A Brave Explosion of the Myth of Desire

As always when I run my Sacred Sexuality course, I was blown away by the vulnerability and honesty on the forum on this last round. Where else do we share our deepest, darkest thoughts and feelings around sexuality, the ones we think we’re the only ones having, the ones that cause shame to fester in the dark, damp corners of psyche because they never expose themselves to the healing light of normalization that occurs when we share with others? There are many problems with the Internet, but one of the gifts – especially on private, secure, moderated forums – is that it offers a safe arena where people can begin to tell their stories. And there are few areas of story that need to be told more than around sexuality.

When I read the following post, I felt enlivened and enlightened by the vulnerability. The course member shared her deepest thoughts and her brilliant revelations, and while I know that these are archetypal, universal experiences because I’m privy daily to the inner world of cross-cultural psyches, the response from other members confirmed my knowing.

Whatever you’re thinking, feeling, or experiencing around your sexuality, you are not alone.

Whatever fears or insecurities you struggle with in this most sacred yet traumatized area, you are not alone.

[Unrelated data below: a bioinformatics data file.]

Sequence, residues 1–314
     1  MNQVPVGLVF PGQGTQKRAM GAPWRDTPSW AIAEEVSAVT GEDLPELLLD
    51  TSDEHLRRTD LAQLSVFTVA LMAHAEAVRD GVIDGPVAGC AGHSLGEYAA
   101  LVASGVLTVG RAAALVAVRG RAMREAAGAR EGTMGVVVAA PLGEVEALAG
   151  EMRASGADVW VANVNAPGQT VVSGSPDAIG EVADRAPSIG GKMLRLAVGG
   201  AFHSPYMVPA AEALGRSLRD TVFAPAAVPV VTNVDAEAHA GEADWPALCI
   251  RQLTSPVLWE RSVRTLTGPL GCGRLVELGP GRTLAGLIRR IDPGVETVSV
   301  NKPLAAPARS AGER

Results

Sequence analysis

Whether you struggle alone or in a partnership, you are not alone.

Let’s wade into these waters together, guided by the wise words of this course member. (Shared with very grateful permission.)

A New Definition of Desire

“I’m a bit late to this thread but as all of these ideas have been slowly percolating in me over the past few weeks, I was thinking about the idea of “desire”, or the myth of desire, or I guess what I’ve long absorbed from the culture of what desire should look and feel like. This is such a deeply engrained “should” that it’s hard to even dismantle it the tiniest bit, but I think that all of this information and work in the course allowed a tiny crack for me to see it in a slightly different way, and also see how I then use this to make myself feel bad, abnormal, not enough, cut off from myself and my partner.

“As portrayed in the culture/media, I’ve absorbed this idea that desire means a lustful, overwhelming urge to grab and take what you want. The kind of ripping-clothes-off hot sex that happens naturally and instantaneously. Well, I’ve never really felt that. And I’ve spend A LOT of time banging my head against the wall, feeling ashamed and like there must be something wrong with me if I can’t access that, which feeds right into my fears of being an imposter/a fraud, that I’m not really feeling what I should be feeling – which then REALLY feeds my gay spike.

“I have a story in my mind that if I accepted my true sexuality then I would feel the kind of desire I’ve been missing (since I do feel lust with same-sex fantasy, though I’ve never really experienced or wanted to experience it in real life). And then the next part of the story is that I’m afraid to let myself feel good, feel turned on, feel out of control, which is certainly true, but it’s also true that my anxiety doesn’t allow me to experience those things in the present moment, which is another way of keeping them out of reach.